Every year a few legislators become my favorites for the column fodder they provide. This year is no exception.
Rep. Brian Greene, R-Pleasant Grove, has established himself as one of the most strident gun-rights lawmakers, using some interesting logic.
Greene may even supplant the Patrick Henry Caucus members, most of whom are gone from the Legislature, who entertained us for a while.
He commented in a Salt Lake Tribune story April 27 that it took a private citizen in the Boston area to discover where the surviving Boston Marathon bombing suspect was hiding, even though several agencies of law enforcement had been looking for the suspect.
The comment was consistent with the National Rifle Association’s argument that citizens need to arm themselves because government can’t effectively protect them.
Greene was skewered that day on K-TALK’s Utah Political Capitol radio program by hosts Eric Ethington and Curtis Haring. He called into the show and spent more than a half hour defending himself, all the while failing to mention the first thing that private citizen did was call the cops.
Greene already was on my radar screen for sponsoring a bill that would have made it a felony for federal agents to seize guns from Utahns. It later was amended to simply restrict federal agents from imposing firmer federal gun laws in Utah. It passed the House but stalled in the Senate.
He also raised my eyebrows with his argument on the House floor that a bill to elevate the crime of cock fighting from a misdemeanor to a felony should be defeated because those found guilty would lose the right to own guns.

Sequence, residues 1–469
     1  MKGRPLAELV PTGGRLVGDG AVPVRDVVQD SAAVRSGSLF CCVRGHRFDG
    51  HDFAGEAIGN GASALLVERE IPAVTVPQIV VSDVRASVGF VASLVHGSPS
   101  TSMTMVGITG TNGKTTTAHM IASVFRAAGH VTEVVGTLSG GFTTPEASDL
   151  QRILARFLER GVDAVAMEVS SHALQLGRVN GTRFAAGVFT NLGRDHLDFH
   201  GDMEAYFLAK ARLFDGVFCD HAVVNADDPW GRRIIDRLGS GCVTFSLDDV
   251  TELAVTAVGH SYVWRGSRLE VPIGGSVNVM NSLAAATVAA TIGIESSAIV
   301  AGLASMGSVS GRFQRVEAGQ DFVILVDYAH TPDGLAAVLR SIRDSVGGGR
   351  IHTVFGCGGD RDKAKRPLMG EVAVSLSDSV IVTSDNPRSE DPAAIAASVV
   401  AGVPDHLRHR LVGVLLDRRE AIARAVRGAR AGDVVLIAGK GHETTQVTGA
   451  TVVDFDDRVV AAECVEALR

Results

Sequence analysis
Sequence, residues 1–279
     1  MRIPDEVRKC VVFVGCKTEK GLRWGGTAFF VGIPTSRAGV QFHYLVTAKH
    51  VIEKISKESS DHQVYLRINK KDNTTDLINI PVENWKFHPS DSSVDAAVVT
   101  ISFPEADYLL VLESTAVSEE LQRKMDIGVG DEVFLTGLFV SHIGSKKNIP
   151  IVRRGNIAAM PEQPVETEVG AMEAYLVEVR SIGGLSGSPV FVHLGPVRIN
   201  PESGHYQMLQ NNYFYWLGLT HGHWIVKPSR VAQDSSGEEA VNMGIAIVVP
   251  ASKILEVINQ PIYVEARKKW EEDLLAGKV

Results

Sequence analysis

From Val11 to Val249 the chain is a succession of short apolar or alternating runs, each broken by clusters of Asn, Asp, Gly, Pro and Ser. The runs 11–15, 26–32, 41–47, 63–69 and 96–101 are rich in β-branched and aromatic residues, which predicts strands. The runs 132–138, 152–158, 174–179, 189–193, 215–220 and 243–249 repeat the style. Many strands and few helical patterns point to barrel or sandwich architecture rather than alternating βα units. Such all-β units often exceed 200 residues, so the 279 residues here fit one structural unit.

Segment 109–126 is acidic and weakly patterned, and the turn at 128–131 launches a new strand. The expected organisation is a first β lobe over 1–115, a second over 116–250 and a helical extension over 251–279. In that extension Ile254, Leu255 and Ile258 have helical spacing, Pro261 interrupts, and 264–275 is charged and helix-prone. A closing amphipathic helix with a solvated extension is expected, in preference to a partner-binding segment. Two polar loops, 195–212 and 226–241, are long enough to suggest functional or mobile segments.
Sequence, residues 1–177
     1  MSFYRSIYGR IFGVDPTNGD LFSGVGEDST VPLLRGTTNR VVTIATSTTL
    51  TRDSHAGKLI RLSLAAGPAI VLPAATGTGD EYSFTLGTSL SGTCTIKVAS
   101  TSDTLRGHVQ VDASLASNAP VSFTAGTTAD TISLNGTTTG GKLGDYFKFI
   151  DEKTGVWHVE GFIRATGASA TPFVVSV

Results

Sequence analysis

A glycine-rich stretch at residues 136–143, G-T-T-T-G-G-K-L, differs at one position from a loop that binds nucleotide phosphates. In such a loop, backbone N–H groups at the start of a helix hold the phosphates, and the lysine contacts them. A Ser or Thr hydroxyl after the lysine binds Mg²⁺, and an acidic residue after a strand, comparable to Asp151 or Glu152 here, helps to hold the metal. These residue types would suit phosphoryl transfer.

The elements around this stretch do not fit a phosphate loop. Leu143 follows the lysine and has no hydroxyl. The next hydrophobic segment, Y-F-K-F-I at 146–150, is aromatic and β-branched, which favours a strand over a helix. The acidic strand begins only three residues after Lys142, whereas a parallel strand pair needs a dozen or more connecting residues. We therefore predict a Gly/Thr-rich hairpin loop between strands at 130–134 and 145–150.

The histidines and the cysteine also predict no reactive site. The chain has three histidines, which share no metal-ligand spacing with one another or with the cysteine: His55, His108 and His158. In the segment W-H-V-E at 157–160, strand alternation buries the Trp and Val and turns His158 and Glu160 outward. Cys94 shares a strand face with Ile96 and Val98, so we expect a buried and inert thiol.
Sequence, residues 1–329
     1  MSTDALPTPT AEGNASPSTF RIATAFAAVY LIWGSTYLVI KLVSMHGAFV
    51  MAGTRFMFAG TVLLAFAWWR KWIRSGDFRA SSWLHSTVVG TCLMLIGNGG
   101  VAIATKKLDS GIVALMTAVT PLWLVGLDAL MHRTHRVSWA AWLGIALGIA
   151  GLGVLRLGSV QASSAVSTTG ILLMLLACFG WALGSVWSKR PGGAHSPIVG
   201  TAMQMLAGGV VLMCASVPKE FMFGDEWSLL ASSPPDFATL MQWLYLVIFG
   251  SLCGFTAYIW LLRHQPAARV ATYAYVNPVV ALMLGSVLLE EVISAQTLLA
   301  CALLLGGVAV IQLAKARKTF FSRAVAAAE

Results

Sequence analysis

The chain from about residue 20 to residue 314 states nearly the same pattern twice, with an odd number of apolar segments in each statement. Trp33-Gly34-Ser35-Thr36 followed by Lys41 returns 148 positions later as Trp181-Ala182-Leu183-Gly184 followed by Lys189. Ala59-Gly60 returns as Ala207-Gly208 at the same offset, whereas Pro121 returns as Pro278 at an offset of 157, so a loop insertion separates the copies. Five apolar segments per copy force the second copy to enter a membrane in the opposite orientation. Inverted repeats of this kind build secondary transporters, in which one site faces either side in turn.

But he first came to my attention last year when he was running for the seat, and I wrote in a column he had violated an election law by raising money for his campaign before he had established a campaign finance committee and a reporting mechanism.
To be fair, he had taken steps to register with the Utah lieutenant governor’s office, and he argued with me later that my interpretation of the law was wrong.
I had received the opinion of elections law officer Mark Thomas that it was a violation. I also pointed out it wasn’t all that egregious and I only mentioned it because he was running for the seat previously held by Rep. Craig Frank, who had to leave the Legislature because he didn’t realize he didn’t live in his district.
Greene contacted my editors for a retraction, so I called Thomas again, who assured me my column was accurate. Greene called later demanding to know why my column had not been corrected. When I told him Thomas said I was accurate, he told me Thomas had agreed with his position. To clear it up, he called Thomas on a three-way connection with me on the line.
Thomas told him that I was right. So Greene attacked Thomas. What law did I violate? Green demanded.
It’s Article 20A-11-301 and 20A-11-601, Thomas said.
But what is the violation, Greene demanded.
It’s 20A-11-301 and 20A-11-601, Thomas repeated.
But what is the violation?